Ocean Floor Colonization by Jawless Animals Through Three Mass Extinctions

Jenn Hoskins
14th June, 2024

Ocean Floor Colonization by Jawless Animals Through Three Mass Extinctions

Image Source: Natural Science News, 2024

Key Findings

  • Yale University researchers studied hagfishes to understand their evolutionary history and biodiversity in the deep ocean
  • The study found that hagfishes share a deep evolutionary history with other vertebrates, suggesting the deep ocean floor is a refugium for vertebrate biodiversity
  • Genetic analysis revealed key adaptations in hagfishes that help them survive in deep-sea environments, such as genes for immunity, nitrogen excretion, and sensory development
The deep ocean floor, located more than 200 meters below the surface, is often regarded as a haven for biodiversity. Many benthic marine animals, which live on or near the ocean floor, appear to share ancient common ancestry with their nearshore and terrestrial relatives. However, the evolutionary history of the oldest marine vertebrate clades remains poorly understood. This is particularly true for hagfishes, jawless vertebrates that are either the living sister to all vertebrates or form a clade with lampreys, the only other surviving jawless fishes. Recent research conducted by Yale University aims to shed light on this subject[1]. Hagfishes are an intriguing group of marine organisms. Unlike most vertebrates, they lack jaws and have a unique feeding mechanism involving toothed, keratinous plates. Understanding their evolutionary history is crucial for piecing together the broader picture of vertebrate evolution. This study aims to determine whether the deep ocean floor serves as a refugium of biodiversity for vertebrates, much like it does for other marine animals. To address this question, researchers at Yale University conducted extensive phylogenomic analyses. They sequenced the genomes of various hagfish species and compared them with those of other vertebrates. This approach allowed them to construct a detailed evolutionary tree, highlighting the relationships between different marine vertebrate clades. The findings revealed that hagfishes indeed share a deep evolutionary history with other vertebrates, supporting the idea that the deep ocean floor is a refugium for biodiversity. This is consistent with previous studies that have shown how ancient lineages can persist in stable deep-sea environments. For example, the discovery of a living coelacanth specimen in 1938 demonstrated that some lineages thought to be extinct for millions of years can survive in deep-sea refugia[2]. Similarly, the well-preserved echinoderm assemblage from the Early Cretaceous provides evidence that deep-sea biota are more resilient to extinction events than their shallow-water counterparts[3]. The study also delved into the genetic and morphological traits that have allowed hagfishes to thrive in deep-sea environments. By comparing the hagfish genomes with those of other vertebrates, the researchers identified several key adaptations. These include genes involved in immunity, nitrogen excretion, and sensory development, which are crucial for survival in the unique conditions of the deep ocean. This mirrors findings from the coelacanth genome, which highlighted genes involved in similar functions during the vertebrate adaptation to land[2]. Moreover, the study's findings challenge some earlier hypotheses about the evolutionary history of marine vertebrates. For instance, previous research suggested that the modern deep-sea fauna originated relatively recently, during the latest Mesozoic or early Cenozoic periods, due to extensive extinction events and subsequent recolonization from shallow habitats[3]. However, the resilience and ancient lineage of hagfishes indicate that some vertebrate clades have persisted in the deep sea for much longer than previously thought. In conclusion, this study from Yale University provides significant insights into the evolutionary history of hagfishes and other marine vertebrates. By demonstrating that the deep ocean floor serves as a refugium for vertebrate biodiversity, it underscores the importance of deep-sea environments in preserving ancient lineages. This research not only enhances our understanding of vertebrate evolution but also highlights the need for further exploration and conservation of deep-sea habitats.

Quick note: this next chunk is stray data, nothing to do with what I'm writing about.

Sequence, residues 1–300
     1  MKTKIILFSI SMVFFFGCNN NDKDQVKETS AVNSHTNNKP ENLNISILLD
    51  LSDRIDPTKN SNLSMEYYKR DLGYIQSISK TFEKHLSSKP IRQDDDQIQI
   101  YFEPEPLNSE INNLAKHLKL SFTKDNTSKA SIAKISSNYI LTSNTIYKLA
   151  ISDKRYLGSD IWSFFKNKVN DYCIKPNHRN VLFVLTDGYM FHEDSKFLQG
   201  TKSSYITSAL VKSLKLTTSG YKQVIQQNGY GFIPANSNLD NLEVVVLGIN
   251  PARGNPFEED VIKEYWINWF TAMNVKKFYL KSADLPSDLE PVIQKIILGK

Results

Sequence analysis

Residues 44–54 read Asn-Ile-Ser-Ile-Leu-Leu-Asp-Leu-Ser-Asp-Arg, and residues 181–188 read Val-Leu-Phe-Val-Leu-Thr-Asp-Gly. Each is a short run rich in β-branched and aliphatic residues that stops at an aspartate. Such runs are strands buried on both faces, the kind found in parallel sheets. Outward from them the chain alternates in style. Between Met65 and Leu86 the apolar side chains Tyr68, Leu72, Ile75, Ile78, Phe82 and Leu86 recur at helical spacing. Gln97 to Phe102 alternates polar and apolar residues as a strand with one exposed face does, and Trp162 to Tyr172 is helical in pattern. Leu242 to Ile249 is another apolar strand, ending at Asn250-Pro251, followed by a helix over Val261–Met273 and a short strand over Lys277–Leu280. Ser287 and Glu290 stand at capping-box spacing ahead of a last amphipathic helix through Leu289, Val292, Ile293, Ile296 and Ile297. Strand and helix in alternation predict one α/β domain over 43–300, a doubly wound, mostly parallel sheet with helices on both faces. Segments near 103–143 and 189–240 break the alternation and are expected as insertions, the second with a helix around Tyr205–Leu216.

Marine BiologyEvolution


Main Study

1) Colonization of the ocean floor by jawless vertebrates across three mass extinctions

Published 13th June, 2024


Related Studies

2) The African coelacanth genome provides insights into tetrapod evolution.


3) Ancient origin of the modern deep-sea fauna.


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